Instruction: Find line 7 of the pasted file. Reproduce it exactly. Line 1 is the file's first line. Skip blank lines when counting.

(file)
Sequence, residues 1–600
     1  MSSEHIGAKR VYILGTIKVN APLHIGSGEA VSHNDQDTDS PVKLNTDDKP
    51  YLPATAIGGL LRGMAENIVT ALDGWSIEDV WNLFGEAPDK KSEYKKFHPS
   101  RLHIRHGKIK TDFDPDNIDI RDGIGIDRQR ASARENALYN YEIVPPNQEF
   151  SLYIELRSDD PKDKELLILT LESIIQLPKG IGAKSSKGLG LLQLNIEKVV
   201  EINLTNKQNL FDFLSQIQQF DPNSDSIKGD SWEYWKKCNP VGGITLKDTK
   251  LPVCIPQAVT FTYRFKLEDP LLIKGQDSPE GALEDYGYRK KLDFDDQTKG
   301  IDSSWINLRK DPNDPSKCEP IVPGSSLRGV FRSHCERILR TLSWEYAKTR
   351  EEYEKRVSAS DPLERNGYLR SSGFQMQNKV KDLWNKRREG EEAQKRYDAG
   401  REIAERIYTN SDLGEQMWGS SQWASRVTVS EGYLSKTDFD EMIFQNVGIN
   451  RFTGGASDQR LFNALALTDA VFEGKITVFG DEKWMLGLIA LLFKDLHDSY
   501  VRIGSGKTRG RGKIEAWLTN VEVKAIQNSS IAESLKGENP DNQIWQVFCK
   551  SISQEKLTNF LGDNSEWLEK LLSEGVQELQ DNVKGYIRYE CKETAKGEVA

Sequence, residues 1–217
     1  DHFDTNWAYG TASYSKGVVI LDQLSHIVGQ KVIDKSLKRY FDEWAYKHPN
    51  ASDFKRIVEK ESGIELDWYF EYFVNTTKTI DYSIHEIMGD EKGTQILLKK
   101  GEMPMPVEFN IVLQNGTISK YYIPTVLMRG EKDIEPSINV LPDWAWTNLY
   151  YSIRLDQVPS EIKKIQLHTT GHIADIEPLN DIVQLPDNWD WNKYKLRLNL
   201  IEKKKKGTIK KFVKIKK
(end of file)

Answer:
   251  LPVCIPQAVT FTYRFKLEDP LLIKGQDSPE GALEDYGYRK KLDFDDQTKG